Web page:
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Cell Signal. 2019 Oct;62:109335. doi: 10.1016/j.cellsig.2019.05.020. Epub 2019 Jun 3.

New automatic quantification method of immunofluorescence and histochemistry in whole histological sections.

Author information

1
Experimental Nephrology and Division of Nephrology, Department of Internal Medicine III, University Hospital Carl Gustav Carus at the Technische Universität Dresden, Fetscherstrasse 74, 01307 Dresden, Germany. Electronic address: Friederike.Kessel@uniklinikum-dresden.de.
2
Experimental Nephrology and Division of Nephrology, Department of Internal Medicine III, University Hospital Carl Gustav Carus at the Technische Universität Dresden, Fetscherstrasse 74, 01307 Dresden, Germany. Electronic address: Anne.Steglich2@uniklinikum-dresden.de.
3
Experimental Nephrology and Division of Nephrology, Department of Internal Medicine III, University Hospital Carl Gustav Carus at the Technische Universität Dresden, Fetscherstrasse 74, 01307 Dresden, Germany. Electronic address: tschoto@outlook.de.
4
Experimental Nephrology and Division of Nephrology, Department of Internal Medicine III, University Hospital Carl Gustav Carus at the Technische Universität Dresden, Fetscherstrasse 74, 01307 Dresden, Germany. Electronic address: Florian.Gembardt@uniklinikum-dresden.de.
5
Experimental Nephrology and Division of Nephrology, Department of Internal Medicine III, University Hospital Carl Gustav Carus at the Technische Universität Dresden, Fetscherstrasse 74, 01307 Dresden, Germany. Electronic address: Leo.Ruhnke@uniklinikum-dresden.de.
6
Experimental Nephrology and Division of Nephrology, Department of Internal Medicine III, University Hospital Carl Gustav Carus at the Technische Universität Dresden, Fetscherstrasse 74, 01307 Dresden, Germany. Electronic address: Julian.Stumpf@uniklinikum-dresden.de.
7
Institute for Immunology, Carl Gustav Carus Faculty of Medicine, Technische Universität Dresden, Fetscherstrasse 74, 01307 Dresden, Germany. Electronic address: rayk.behrendt@tu-dresden.de.
8
Paul Langerhans Institute Dresden (PLID) of Helmholtz Zentrum München at the University Hospital Carl Gustav Carus at the Technische Universität Dresden, Tatzberg 47, 01307 Dresden, Helmholtz Zentrum München, München-Neuherberg, Germany.; German Center for Diabetes Research (DZD), Ingolstädter Landstrasse 1, 85764 München-Neuherberg, Germany. Electronic address: Christian.Cohrs@tu-dresden.de.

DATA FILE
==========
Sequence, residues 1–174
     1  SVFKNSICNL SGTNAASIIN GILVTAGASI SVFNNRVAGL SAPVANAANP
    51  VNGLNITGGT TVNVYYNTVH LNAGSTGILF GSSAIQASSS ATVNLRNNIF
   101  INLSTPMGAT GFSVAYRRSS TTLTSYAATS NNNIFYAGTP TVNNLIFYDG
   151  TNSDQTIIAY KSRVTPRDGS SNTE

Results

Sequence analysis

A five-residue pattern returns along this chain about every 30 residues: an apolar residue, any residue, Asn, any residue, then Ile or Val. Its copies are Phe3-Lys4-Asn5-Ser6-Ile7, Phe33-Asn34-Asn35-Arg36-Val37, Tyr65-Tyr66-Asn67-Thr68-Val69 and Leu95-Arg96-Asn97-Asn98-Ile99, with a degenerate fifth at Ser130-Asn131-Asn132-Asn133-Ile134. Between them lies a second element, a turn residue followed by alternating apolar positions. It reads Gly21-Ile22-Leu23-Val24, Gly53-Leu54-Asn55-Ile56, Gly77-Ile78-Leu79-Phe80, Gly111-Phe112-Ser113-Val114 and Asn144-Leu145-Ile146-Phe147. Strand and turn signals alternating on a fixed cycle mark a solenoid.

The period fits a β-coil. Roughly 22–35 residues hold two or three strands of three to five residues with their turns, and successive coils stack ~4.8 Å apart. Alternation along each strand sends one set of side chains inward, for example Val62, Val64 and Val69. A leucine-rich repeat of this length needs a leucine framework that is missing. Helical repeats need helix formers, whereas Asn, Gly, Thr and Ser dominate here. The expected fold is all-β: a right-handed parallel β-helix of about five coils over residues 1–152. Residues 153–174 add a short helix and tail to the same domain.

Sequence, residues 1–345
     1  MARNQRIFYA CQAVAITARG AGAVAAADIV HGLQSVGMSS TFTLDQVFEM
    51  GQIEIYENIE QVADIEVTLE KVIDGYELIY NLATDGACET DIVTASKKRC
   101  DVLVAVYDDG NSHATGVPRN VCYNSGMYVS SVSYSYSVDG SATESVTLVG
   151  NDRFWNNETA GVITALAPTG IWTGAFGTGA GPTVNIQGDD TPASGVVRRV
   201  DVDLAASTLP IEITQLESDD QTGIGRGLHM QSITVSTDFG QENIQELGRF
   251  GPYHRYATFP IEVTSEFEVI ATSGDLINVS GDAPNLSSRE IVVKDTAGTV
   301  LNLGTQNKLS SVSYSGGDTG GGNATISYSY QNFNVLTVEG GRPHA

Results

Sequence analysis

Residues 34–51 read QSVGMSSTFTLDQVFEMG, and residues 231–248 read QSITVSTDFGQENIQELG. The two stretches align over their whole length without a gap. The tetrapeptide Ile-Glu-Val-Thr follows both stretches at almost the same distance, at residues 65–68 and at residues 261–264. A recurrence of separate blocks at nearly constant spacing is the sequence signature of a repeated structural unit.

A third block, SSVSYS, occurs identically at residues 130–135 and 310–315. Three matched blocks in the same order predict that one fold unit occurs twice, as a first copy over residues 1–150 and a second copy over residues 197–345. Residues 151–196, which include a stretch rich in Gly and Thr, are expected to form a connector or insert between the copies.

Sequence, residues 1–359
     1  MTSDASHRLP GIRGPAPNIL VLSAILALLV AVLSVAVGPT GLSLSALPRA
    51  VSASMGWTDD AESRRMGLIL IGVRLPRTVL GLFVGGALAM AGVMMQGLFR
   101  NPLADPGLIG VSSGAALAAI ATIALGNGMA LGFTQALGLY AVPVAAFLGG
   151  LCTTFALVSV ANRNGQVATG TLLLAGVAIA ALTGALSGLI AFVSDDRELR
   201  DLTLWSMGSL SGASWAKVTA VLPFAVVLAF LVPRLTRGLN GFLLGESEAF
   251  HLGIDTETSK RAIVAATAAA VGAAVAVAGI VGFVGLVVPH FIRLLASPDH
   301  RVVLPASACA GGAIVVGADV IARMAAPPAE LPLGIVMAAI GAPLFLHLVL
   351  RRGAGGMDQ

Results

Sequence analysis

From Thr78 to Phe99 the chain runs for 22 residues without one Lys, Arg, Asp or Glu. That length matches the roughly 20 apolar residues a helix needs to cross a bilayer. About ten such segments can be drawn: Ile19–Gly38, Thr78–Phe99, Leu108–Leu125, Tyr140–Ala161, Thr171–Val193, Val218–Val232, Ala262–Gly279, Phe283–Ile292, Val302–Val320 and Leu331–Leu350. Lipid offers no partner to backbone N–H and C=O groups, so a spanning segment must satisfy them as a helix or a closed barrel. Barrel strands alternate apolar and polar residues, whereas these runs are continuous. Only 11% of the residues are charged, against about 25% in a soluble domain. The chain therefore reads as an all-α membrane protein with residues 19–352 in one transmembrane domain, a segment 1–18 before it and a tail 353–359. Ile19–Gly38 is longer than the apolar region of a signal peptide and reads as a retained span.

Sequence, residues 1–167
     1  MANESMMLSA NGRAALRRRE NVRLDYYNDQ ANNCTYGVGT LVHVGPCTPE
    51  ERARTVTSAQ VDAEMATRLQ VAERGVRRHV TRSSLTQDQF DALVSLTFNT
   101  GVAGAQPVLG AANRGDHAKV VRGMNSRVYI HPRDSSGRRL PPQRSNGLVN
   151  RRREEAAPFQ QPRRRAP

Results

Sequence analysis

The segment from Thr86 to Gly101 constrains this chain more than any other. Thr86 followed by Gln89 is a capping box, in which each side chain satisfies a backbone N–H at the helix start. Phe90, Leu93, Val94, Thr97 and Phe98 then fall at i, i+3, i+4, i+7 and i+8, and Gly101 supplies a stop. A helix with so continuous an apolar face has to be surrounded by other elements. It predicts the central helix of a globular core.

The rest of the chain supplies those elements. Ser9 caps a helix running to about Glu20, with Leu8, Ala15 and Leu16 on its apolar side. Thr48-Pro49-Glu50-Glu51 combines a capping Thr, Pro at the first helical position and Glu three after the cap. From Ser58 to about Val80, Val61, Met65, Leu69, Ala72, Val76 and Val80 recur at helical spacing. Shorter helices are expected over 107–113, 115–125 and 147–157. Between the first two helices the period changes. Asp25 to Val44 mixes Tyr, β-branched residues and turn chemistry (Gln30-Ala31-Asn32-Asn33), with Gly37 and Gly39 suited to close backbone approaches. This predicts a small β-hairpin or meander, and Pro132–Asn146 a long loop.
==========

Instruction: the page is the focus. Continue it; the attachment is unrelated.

9
Department of Physiology, Carl Gustav Carus Faculty of Medicine, Technische Universität Dresden, Fetscherstrasse 74, 01307 Dresden, Germany. Electronic address: irakli.kopaliani@tu-dresden.de.
10
Experimental Nephrology and Division of Nephrology, Department of Internal Medicine III, University Hospital Carl Gustav Carus at the Technische Universität Dresden, Fetscherstrasse 74, 01307 Dresden, Germany. Electronic address: Vladimir.Todorov@uniklinikum-dresden.de.
11
Experimental Nephrology and Division of Nephrology, Department of Internal Medicine III, University Hospital Carl Gustav Carus at the Technische Universität Dresden, Fetscherstrasse 74, 01307 Dresden, Germany. Electronic address: Michael.Gerlach@uniklinikum-dresden.de.
12
Experimental Nephrology and Division of Nephrology, Department of Internal Medicine III, University Hospital Carl Gustav Carus at the Technische Universität Dresden, Fetscherstrasse 74, 01307 Dresden, Germany. Electronic address: Christian.Hugo@uniklinikum-dresden.de.

Abstract

Immunofluorescent staining is a widespread tool in basic science to understand organ morphology and (patho-) physiology. The analysis of imaging data is often performed manually, limiting throughput and introducing human bias. Quantitative analysis is particularly challenging for organs with complex structure such as the kidney. In this study we present an approach for automatic quantification of fluorescent markers and histochemical stainings in whole organ sections using open source software. We validate our novel method in multiple typical challenges of basic kidney research and demonstrate its general relevance and applicability to other complex solid organs for a variety of different markers and stainings. Our newly developed software tool "AQUISTO", applied as a standard in primary data analysis, facilitates efficient large scale evaluation of cellular populations in various types of histological samples. Thereby it contributes to the characterization and understanding of (patho-) physiological processes.

KEYWORDS:

Automatic quantification; Cell count; Histochemistry; Immunofluorescence; Morphology

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